The plasmacytoid dendritic cell: a cell at the cross-roads in asthma

Lynch, Jason P., Mazzone, Stuart B., Rogers, Matthew J., Arikkatt, Jaisy J., Loh, Zhixuan, Pritchard, Antonia L., Upham, John W. and Phipps, Simon (2014) The plasmacytoid dendritic cell: a cell at the cross-roads in asthma. European Respiratory Journal, 43 1: 264-275. doi:10.1183/09031936.00203412

Author Lynch, Jason P.
Mazzone, Stuart B.
Rogers, Matthew J.
Arikkatt, Jaisy J.
Loh, Zhixuan
Pritchard, Antonia L.
Upham, John W.
Phipps, Simon
Title The plasmacytoid dendritic cell: a cell at the cross-roads in asthma
Journal name European Respiratory Journal   Check publisher's open access policy
ISSN 0903-1936
Publication date 2014-01
Year available 2013
Sub-type Critical review of research, literature review, critical commentary
DOI 10.1183/09031936.00203412
Open Access Status
Volume 43
Issue 1
Start page 264
End page 275
Total pages 32
Place of publication Lausanne, Switzerland
Publisher European Respiratory Society
Collection year 2014
Language eng
Abstract The onset, progression and exacerbations of asthma are frequently associated with virus infections of the lower respiratory tract. An emerging paradigm suggests that this relationship may be underpinned by a defect in the host’s antiviral response, typified by the impaired production of type I and type III IFNs. The failure to control viral burden likely causes damage to the lung architecture and contributes to an aberrant immune response, which together, compromise lung function. Although a relatively rare cell type, the plasmacytoid dendritic cell dedicates much of its transcriptome to the synthesis of IFNs and is pre-armed with virus-sensing pattern recognition receptors. Thus, pDCs are specialised to ensure early viral detection and the rapid induction of the antiviral state to block viral replication and spread. In addition, pDC can also limit immunopathology, and promote peripheral tolerance to prevent allergic sensitisation to harmless antigens, possibly through the induction of regulatory T cells. Thus, this enigmatic cell may lie at an important intersection; orchestrating the immediate phase of antiviral immunity to effect viral clearance while regulating tolerance. Here we review the evidence to support the hypothesis that a primary defect in pDC function may underlie the development of asthma.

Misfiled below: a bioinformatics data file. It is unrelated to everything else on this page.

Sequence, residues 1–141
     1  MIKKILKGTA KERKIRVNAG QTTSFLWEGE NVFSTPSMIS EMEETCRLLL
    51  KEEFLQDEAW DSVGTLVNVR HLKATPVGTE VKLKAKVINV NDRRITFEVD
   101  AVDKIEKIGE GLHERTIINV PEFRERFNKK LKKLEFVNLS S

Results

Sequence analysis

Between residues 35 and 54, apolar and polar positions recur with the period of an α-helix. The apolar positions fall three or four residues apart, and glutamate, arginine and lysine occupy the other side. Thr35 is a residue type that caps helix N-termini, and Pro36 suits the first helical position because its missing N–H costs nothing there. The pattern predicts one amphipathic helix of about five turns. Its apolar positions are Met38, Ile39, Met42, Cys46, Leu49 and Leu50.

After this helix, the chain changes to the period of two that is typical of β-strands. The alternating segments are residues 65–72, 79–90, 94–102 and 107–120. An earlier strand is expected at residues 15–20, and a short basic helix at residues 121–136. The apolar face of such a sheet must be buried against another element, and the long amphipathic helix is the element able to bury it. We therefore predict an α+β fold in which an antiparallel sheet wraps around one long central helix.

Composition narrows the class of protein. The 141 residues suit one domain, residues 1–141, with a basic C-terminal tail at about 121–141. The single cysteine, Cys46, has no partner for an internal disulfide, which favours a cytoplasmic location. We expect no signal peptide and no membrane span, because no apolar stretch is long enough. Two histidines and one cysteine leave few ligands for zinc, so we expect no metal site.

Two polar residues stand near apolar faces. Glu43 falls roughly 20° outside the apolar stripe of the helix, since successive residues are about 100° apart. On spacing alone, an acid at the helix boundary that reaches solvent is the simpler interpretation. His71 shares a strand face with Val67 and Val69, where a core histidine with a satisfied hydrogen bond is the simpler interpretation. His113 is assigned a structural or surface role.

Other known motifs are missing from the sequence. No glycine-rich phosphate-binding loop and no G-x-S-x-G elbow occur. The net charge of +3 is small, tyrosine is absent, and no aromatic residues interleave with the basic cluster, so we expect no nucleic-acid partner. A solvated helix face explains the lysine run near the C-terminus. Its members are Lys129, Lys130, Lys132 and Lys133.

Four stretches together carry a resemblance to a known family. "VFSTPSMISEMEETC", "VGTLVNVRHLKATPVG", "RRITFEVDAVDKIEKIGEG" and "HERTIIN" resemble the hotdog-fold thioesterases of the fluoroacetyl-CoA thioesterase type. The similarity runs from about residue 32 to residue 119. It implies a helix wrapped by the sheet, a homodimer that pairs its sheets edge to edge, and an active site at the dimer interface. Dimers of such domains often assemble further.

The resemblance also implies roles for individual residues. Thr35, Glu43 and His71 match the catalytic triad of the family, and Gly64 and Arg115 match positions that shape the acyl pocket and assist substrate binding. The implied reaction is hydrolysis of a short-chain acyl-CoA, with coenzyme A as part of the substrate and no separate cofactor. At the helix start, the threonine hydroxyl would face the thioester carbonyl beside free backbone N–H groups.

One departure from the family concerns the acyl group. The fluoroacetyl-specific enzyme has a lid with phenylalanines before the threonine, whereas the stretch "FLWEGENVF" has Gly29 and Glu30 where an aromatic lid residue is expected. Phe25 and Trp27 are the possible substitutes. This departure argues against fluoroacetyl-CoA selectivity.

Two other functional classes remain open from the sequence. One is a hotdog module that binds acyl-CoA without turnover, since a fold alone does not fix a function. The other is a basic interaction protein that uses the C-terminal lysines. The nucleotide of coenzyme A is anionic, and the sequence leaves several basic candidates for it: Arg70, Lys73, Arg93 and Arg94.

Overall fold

Keyword Asthma
Th2 responses
Toll-like receptor 7
Q-Index Code C1
Q-Index Status Confirmed Code
Institutional Status UQ
Additional Notes Published online before print: 21 February 2013.

Document type: Journal Article
Sub-type: Critical review of research, literature review, critical commentary
Collections: Official 2014 Collection
School of Biomedical Sciences Publications
School of Medicine Publications
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Created: Mon, 18 Mar 2013, 17:48:57 EST by Zhixuan Loh on behalf of School of Biomedical Sciences